Media Day always feels like an incredibly strange construct.
To paint a picture of it, the Golden State Warriors and most other NBA teams have the event in their practice facility, which consists of a series of courts and some staging area. Different stations fill the entire space as the team uses the same time to shoot many of the promos with players they will use over the course of the season (yes, you do get to see players in Santa hats and other interesting things).
Apart from those things, they also have a social media place where the players interact with fans and the spaces for them to talk to the media.
In the case of the Warriors, they put 3-5 players at a time at their own tables for about 30 minutes before they switch up the people. This format gives the players a set period of time to be “on” for the media, yet also opens the door for lots of repeat questions since the members asking questions shifts over the course of the half-hour.
Instead of doing player-by-player notes, the most logical way to recap Media Day has to be more general and abstract since so many guys touched on the same themes.
The biggest takeaway from the day was the reminder that this is a much, much deeper Warriors team. Over the last few years, the Warriors were one injury to a starter or lower-end rotation player from sending everything out of whack. That should be different this time around since so many positions actually have three functional players, especially point guard and the wing spots. While injuries to starters will still cause problems, having a rotation player go down in a game or for a few should not derail things like a few times last season.
Having depth marks a good step and the bigger movement there has to be an increase in top-end quality as well. The addition of Andrew Bogut makes Golden State a more well-rounded team than they have been in at least a decade and likely much longer. Player after player (especially David Lee) talked about how Bogut has made an impact on the team even while he continues to recover from the injury that has kept him out of NBA games since January. Having Bogut on the floor will mean that the Warriors have a meaningful piece on both ends of the floor and a true anchor defensively.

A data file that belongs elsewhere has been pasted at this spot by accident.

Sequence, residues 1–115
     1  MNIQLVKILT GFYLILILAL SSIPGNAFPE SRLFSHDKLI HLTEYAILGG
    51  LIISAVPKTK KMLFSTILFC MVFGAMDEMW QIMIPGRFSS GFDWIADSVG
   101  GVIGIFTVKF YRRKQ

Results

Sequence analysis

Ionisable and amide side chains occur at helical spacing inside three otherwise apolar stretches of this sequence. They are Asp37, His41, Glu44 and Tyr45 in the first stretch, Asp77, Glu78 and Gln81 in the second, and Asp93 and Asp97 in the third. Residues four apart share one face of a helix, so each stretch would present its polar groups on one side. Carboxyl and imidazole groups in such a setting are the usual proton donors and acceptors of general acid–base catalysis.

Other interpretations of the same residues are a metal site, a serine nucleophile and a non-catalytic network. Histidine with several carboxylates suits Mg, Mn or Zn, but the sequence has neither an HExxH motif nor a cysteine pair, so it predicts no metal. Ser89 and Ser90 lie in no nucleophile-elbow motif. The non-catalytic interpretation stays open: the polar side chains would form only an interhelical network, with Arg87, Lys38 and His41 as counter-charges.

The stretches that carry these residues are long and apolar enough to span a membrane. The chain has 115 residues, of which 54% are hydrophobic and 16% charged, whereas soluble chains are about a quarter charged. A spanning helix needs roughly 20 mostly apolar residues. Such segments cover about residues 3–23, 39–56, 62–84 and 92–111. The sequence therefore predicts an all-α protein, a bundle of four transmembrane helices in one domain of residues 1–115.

The other major change I noticed centers around leadership. Any team with Monta Ellis (at least the Ellis we have seen thus far) as their best player will have some leadership issues both on and off the floor. Since last year, the front office has added a bevy of new players, all of whom are overwhelmingly positive people from a chemistry perspective. Guys like Jarrett Jack and Carl Landry add character, talent, and a track record of success on an individual level to a team whose bench seemed filled with newbies during recent seasons. Even a rookie like Draymond Green brings more to the table in this regard than most young players and could end up being the kind of off-the-court glue the youngsters need.
One interesting dynamic for this team is that they got meaningfully older this summer while still being insanely young. Jarrett Jack, Carl Landry and Bogut ratchet up both the experience and maturity quotient of the team quite a bit even though the team added three rookies as well. This should allow the team to ride the highs and lows a little bit better and give each of the guys on rookie deals a positive role model playing a similar position, which I like.